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2 Easy Grilled Vegetarian Sides {recipe}

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If you caught my last recipe post, you already know I’ve been tricking myself to eat fish by throwing it in a taco and adding excessive toppings, like a parent hiding veggies in their kid’s mac and cheese.  It’s sad but true.  Of course, grilling fish makes it a little more palatable, plus nothing beats grilling in the summer (even if it is fish…).  Fresh.  Fast.  Flavorful.  And so darn pretty.

grilled corn

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Blackened Fish Tacos with Carolina Peach Salsa

Blackened Fish Tacos with Peach Salsa

I’ve been trying to learn to like fish ever since my dad brought home walleye cheeks that first time, fresh from Lake Erie, and my sisters oohed and aahed over how delicious they were.  I wanted in.  I desperately wanted to like fish.  Every bite though… just left something lacking.  It’s the texture that gets me, I think.  And the fishy taste.  So basically, I dislike every aspect of fish.  Except, of course, for the fact that it’s good for you.  So, in an effort to trick myself into liking fish, I’ve been making fish tacos all the time.  They’re super simple to throw together, and if you add enough toppings, you can’t even taste the fish.  I’ll consider that a WIN.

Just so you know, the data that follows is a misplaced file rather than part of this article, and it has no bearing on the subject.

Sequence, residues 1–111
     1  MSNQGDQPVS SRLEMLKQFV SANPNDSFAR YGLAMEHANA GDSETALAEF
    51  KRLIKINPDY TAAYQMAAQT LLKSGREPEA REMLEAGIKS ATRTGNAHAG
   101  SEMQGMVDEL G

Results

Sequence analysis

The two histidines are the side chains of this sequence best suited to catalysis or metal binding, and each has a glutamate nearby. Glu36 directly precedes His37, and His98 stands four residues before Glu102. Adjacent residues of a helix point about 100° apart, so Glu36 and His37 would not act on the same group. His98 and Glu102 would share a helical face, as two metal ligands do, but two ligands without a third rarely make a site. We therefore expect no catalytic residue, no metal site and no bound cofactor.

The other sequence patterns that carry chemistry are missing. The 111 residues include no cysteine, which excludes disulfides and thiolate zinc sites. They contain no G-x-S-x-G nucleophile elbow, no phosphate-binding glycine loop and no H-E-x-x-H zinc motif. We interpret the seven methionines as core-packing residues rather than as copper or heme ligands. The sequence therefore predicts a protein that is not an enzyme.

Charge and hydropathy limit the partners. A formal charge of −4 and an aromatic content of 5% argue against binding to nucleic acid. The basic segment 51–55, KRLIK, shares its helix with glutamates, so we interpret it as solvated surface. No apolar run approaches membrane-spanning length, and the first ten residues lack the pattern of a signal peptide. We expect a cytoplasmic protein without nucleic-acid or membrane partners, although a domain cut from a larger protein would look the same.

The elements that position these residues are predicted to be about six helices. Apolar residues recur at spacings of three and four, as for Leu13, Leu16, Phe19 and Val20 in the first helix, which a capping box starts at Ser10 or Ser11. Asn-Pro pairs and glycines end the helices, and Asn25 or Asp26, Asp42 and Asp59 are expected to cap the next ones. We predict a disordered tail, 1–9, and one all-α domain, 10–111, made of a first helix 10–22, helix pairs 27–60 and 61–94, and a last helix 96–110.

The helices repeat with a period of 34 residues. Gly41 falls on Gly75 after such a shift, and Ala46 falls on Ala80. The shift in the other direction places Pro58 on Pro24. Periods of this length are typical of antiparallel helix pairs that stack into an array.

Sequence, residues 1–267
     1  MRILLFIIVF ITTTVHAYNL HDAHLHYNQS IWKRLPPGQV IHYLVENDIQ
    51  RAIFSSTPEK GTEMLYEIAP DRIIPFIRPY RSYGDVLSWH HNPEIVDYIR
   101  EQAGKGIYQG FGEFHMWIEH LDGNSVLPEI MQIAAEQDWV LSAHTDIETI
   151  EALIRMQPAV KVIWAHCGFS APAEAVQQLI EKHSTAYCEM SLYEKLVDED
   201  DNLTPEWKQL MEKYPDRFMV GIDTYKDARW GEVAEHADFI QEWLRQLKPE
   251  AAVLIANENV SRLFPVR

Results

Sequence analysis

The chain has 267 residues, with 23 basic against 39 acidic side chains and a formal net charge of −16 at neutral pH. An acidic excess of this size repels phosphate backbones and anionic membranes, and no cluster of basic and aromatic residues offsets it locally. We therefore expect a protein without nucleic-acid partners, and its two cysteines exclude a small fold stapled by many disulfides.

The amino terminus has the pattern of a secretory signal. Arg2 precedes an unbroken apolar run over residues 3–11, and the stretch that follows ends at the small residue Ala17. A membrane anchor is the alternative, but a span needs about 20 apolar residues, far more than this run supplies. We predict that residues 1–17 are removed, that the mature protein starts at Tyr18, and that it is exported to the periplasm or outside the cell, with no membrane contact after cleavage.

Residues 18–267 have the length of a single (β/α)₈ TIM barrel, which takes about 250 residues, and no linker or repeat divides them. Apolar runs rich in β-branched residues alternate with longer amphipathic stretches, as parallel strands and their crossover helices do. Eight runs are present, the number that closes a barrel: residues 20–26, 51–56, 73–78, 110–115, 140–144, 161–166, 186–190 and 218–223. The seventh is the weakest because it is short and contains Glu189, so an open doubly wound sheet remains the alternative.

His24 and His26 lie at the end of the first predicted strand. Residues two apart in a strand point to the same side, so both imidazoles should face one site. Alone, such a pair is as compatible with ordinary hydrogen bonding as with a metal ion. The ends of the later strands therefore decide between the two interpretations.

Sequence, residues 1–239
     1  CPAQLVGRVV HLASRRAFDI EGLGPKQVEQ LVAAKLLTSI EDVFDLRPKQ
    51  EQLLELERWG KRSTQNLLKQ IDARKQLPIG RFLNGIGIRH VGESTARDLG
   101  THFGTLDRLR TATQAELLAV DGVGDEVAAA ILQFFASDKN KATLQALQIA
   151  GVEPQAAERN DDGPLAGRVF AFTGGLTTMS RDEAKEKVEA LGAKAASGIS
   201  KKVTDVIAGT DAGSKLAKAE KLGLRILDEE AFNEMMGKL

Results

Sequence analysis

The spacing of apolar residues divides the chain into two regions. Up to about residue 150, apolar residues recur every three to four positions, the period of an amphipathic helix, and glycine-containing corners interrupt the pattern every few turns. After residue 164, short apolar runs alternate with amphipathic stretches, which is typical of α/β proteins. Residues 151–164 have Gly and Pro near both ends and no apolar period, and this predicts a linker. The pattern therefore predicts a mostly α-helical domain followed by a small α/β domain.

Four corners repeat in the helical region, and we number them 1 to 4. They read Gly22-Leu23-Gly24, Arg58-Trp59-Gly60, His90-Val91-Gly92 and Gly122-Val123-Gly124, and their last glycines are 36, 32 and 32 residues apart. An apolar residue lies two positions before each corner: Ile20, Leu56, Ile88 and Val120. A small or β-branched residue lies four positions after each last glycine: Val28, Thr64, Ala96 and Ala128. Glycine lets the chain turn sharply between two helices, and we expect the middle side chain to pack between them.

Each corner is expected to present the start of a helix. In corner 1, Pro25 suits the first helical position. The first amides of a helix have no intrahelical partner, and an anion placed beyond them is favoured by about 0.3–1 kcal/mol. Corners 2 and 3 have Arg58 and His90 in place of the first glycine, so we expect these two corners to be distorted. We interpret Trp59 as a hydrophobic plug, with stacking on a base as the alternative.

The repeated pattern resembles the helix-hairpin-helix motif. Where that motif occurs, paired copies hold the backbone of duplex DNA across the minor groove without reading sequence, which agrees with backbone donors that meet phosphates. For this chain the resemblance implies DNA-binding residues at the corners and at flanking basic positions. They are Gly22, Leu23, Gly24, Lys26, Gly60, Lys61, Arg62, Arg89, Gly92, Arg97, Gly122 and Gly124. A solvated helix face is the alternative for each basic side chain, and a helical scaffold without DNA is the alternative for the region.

Blackened Fish Tacos with Peach Salsa


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As seen on WBTV: Three Awesome Sausage Toppers {recipe}

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Did you catch me talking sausage toppings on WBTV this morning?  Check out the video link below!

Here we are, in the height of backyard barbecue season, with literally dozens of ketchup and mustard covered hot dogs under our belts, and I.am.bored.  Don’t get me wrong, I love that classic combo, but sometimes I crave to shake things up a bit.  Get a little spicy, a little saucy, a little something like THIS: